In Chapter 2 of Elaine Tyler May’s book, Homeward Bound: American Families in the Cold War, she discusses the role of women during the Great Depression. Even more specifically, May comments on the role of Hollywood in dismantling some of what we call “traditional gender roles” during the 1930s. She explains that it was en vogue to be a strong, independent, career woman. Part of that is due to the Great Depression’s impact on the family unit and the need for women to work in order to support their families. Another aspect is that celebrities were gaining a larger platform. She writes, “polls taken at the time [1930s] reveal that the Hollywood Stars believed in the messages of gender equality that permeated the films and fan magazines,” (43). This is important because it suggests that characters like Scarlett, Julie, and Betsy were not, in fact, the minority, but the majority. The 1930s championed female characters who were, “ strong, autonomous, competent, and career oriented,” (44). It also puts this “Feisty Southern Belle” trope fiercely in that decade. By the start of the 1940s and into the 1950s, female protagonists, while not docile and weak, began to lose the power they had seen in the early days of “talkie” films. There are many reasons for this, but I think this post is going to be dense enough already, so I’ll leave it for another time.

Another similarity between these women is their character’s overt theme of self-sacrifice. For each of them over the course of their films, their ambition shifts from their own social improvement towards familial love and security. While in the four hour Odyssey that is Gone with the Wind Scarlett reclaims her power multiple times, it is at the end of Act I where we see her truest form of self-sacrifice: “As God as my witness, I will never go hungry again!” Although her phrasing sounds selfish, Scarlett goes on to work her butt off building a life, supporting herself and her intimate group of women, while in the middle of a war zone. In Hearts Divided, Betsy actually has a conversation with Napoleon where she decides that for the sake of Jerome’s future, she will give up her claim on him and go back to Baltimore. (I know, none of that happened in the real story. If you want to be even more annoyed watch it for yourself!) Lastly, in Jezebel, Julie sacrifices her life to go live with her true love in a colony full of people dying of yellow fever. By doing this, she knows her fate is death. (I would say Jezebel definitely has the most disturbing ending of the three films and it feels eerily familiar in 2020.)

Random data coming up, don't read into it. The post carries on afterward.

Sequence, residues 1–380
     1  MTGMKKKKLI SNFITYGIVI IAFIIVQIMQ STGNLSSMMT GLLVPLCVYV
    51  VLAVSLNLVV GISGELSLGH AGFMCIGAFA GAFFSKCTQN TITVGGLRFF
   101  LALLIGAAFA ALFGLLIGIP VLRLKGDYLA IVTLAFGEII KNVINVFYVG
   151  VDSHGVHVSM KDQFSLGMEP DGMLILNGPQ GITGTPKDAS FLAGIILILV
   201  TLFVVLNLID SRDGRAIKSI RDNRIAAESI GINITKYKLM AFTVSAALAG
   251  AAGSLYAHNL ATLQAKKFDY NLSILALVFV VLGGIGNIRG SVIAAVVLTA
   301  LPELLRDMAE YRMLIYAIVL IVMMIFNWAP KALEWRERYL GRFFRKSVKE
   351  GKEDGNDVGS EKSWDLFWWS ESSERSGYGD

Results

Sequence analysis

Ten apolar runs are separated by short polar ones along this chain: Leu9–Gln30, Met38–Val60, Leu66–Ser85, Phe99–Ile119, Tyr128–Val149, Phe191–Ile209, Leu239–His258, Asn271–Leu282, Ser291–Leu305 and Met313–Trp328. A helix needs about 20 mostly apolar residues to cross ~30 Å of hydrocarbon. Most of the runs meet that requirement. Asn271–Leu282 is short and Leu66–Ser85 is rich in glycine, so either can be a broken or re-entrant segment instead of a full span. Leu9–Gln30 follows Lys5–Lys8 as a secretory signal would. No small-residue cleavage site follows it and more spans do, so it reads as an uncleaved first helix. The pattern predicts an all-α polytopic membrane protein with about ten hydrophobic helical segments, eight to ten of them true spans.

The final similarity I will touch on between these three fierce 19th-century Southern Belles coming out of the 1930s is that they are incredibly racist. As I said in the beginning, these women are, by today’s definition, clearly white feminists. defines it as, “the label given to feminist efforts and actions that uplift white women but that exclude or otherwise fail to address issues faced by minority groups, especially women of color and LGBTQ women.” Because these films were made 90 years ago, this shouldn’t be too much of a shock. Yet just because these films and depictions were, as they say, “of a certain time,” it does not mean that these white feminist tropes aren’t harmful in 2020- especially taken in blindly and without full context.

When I say these women are racist, I mean that these women not only treated people of color poorly and paternalistically throughout their respective films, but all of them were actively complicit in slavery. The racism and Scarlett’s cruelty in the film version of Gone with the Wind has been written about extensively, especially after HBO’s decision to take it off of their streaming platform this past summer. Instead of just regurgitating an analysis, I will simply link one written by someone way more eloquent than me below. What I will say is Scarlett is outward with her negative treatment towards Black characters in the film. Julie and Betsy, on the other hand, deal with racism in a different type of way.